2007_09_schoolviole.jpgWell, this is disturbing: The City Comptroller's office audited ten high schools in the city and found that they did not report 41% of the violent/disruptive incidents that occurred. Schools are supposed to file information about incidents, which range from vandalism to assaults, through a computer system so the state has the information, part of the No Child Left Behind law. The state then uses that information to determine which schools are dangerous, persistently dangerous, etc.

However, the audit showed that many schools failed to report things like rape (at the Boys and Girls High School in Brooklyn) and a stabbing (Clinton High School in the Bronx). Schools were keeping track of incidents like students "about to be jumped" by gang members in their files, but didn't enter them into the computer.

Comptroller Bill Thompson said that some principals were driven to undercount incidents in order to lower crime statistics. He said reporting instructions are vague and wants the Department of Education to have more oversight and train teachers better. The teachers union head Randi Weingarten told the NY Times, "Making schools seem safer than they really are does a disservice to parents, students and educators because those schools don’t get the attention and resources they need to be made safer, putting everyone inside at risk."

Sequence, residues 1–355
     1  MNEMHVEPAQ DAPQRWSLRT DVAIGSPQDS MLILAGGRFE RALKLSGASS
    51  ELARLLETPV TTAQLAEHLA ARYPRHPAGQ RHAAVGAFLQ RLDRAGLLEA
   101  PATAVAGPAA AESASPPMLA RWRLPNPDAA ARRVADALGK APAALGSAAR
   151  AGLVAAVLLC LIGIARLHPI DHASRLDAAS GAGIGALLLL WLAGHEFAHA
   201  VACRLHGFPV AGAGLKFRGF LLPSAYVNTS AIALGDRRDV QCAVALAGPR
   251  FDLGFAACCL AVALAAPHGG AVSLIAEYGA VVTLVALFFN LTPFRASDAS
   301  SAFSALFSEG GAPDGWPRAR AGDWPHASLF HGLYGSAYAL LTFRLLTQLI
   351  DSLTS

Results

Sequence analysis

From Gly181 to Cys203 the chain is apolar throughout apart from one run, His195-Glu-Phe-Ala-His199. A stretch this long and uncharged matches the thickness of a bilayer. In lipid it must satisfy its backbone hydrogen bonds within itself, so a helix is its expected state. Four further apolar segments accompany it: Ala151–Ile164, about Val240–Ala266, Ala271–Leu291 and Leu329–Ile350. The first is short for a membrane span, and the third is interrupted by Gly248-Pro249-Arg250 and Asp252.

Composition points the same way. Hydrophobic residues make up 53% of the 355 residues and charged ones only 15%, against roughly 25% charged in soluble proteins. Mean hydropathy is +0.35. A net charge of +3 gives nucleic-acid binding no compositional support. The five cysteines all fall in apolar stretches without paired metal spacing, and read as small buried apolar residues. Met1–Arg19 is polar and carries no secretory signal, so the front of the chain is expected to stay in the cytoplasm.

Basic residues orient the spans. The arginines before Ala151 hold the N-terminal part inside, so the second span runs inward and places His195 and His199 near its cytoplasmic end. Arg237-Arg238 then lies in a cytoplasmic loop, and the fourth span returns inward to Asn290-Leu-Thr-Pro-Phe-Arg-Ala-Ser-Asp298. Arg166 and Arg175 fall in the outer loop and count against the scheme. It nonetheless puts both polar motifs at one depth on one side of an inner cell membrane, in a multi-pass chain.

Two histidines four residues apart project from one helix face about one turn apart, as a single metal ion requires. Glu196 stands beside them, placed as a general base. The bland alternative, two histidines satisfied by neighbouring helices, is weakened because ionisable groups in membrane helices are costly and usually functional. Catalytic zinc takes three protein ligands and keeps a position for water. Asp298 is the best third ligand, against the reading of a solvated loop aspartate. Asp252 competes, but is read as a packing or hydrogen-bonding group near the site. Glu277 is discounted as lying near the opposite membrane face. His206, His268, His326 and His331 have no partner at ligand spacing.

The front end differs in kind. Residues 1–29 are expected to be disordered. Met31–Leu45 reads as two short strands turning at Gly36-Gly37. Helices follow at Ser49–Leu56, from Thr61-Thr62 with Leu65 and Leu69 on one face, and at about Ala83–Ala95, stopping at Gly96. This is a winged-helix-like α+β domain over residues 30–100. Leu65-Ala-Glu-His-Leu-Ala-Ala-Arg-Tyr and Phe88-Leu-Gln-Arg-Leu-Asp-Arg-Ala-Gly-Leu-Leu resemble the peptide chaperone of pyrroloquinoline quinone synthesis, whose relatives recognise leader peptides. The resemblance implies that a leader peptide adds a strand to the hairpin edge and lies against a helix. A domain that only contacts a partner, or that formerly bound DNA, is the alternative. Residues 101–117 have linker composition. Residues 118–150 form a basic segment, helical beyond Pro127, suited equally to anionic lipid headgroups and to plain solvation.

The DOE says that the comptroller's audit, using information from the 2004-2005 school year, doesn't apply to the reporting system now, because it's been revamped and that the ten schools in the audit are not representative of the school system as a whole.